James Burk Inn

200 S William St
Johnstown NY 12095
Contact: Johnstown Historical Society | 518-762-2777

The James Burk Inn is believed to be one of the first ten houses built by Sir William Johnson.  All ten houses were one and a half stories tall and all were painted yellow.  The Inn was built in 1765 on a building lot at 5 South William Street.  The house was built for Robert Pickens, Sir William’s surveyor.  The house was moved in 1788 to its current location at 200 South William Street.  The reason for moving the house was to make room for Vaumann DeFonClaire’s Tavern known as “The Potter House.  The Potter House burned in 1967.

The James Burk Inn operated from 1788 – 1812.  During that period Burk added smokers’ benches, a well beneath the kitchen and a lean-to with a loft that was used for ledging teamsters.

The Inn, later known as the Younglove Homestead, was purchased by Isaiah Younglove in 1812.  Younglove was a bootmaker and used the lean-to section of the building for his bootmaking shop.  Patrons entered through the Montgomery Street door on the north side of the building.  Younglove’s daughter, Susanna Younglove, lived in the home maintaining a gift shop and giving art lessons until her death in 1935.  Miss Younglove had a cellar dug under the front section of the house in 1895 and had a furnace installed at that time.  The floor of the front section was raised to make for the DAR Assembly Room which is still used by the Johnstown Historical Society fot meetings and events.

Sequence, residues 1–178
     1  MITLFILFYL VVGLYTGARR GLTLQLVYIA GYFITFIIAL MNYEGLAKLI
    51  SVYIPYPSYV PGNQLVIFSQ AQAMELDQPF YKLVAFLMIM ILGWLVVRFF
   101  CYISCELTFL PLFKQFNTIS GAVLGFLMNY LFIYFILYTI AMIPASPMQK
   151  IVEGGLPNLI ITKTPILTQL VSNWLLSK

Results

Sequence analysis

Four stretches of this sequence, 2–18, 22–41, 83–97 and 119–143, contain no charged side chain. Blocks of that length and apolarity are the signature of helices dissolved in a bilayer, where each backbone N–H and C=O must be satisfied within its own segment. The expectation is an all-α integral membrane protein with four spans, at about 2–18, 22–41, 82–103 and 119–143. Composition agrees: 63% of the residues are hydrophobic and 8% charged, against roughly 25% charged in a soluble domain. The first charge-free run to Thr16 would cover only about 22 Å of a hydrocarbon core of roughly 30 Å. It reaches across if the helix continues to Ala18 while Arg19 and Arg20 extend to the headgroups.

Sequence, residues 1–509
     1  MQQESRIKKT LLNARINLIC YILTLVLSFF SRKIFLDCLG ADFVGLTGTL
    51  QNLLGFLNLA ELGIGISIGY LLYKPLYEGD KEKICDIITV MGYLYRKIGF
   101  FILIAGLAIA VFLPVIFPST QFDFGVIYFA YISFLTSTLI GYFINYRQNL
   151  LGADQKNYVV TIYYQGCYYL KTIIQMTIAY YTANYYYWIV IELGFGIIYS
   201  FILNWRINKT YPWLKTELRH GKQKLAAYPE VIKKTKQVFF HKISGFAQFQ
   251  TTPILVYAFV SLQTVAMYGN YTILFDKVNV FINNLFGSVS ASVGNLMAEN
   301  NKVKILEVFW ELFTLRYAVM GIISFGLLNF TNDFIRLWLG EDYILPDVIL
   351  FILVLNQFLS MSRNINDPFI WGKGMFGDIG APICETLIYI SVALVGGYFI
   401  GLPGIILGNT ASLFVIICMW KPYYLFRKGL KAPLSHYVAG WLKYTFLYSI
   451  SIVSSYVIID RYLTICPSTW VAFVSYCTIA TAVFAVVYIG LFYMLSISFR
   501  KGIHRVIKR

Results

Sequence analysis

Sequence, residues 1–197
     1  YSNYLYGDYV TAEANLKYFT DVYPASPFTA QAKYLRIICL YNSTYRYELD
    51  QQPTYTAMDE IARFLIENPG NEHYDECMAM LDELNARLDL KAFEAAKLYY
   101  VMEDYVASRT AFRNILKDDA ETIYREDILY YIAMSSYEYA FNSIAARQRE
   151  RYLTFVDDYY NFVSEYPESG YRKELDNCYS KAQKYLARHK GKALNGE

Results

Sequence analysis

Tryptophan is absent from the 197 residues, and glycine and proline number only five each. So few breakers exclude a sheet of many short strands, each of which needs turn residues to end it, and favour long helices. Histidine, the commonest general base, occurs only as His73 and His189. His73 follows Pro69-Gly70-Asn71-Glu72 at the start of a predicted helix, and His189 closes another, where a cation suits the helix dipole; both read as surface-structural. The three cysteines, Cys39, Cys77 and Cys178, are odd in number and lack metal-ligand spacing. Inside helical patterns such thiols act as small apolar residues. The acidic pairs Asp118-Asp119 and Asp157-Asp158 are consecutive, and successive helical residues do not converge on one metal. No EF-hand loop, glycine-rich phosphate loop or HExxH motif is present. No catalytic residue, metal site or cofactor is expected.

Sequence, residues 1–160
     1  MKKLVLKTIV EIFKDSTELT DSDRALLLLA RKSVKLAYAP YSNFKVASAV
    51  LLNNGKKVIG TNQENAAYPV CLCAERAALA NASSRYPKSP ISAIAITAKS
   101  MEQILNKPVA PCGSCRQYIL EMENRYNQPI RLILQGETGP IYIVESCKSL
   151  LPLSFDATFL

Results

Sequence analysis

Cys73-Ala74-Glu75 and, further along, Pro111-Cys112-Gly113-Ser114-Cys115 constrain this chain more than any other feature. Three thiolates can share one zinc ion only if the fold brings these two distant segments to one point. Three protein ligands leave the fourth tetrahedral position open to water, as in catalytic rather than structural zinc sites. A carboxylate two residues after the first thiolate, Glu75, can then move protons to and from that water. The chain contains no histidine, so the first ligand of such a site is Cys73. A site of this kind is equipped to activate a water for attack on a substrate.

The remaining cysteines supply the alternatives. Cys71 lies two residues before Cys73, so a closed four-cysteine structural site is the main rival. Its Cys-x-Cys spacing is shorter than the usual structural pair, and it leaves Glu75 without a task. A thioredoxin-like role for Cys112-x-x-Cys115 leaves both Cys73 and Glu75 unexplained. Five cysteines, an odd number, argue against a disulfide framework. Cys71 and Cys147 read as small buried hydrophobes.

The Johnstown Chapter of the National Daughters of the American Revolution purchased the house in 1925 allowing Miss Younglove to remain until her death.  The Chapter removed the partition that sectioned off the original boot shop to create the Assembly Room.  In 1964 the Chapter had the house rewired.  In 1993, under the leadership of Regent Harriet Grady, the chimneys were repaired.  And in 1994 with donations from the Argersinger Fund and Mary Louise Evans, the front porch and smokers’ benches were replaced.

In 2014 the Johnstown Chapter of the National Society Daughters of the American Revolution transferred title to the James Burk Inn to the Johnstown Historical Society.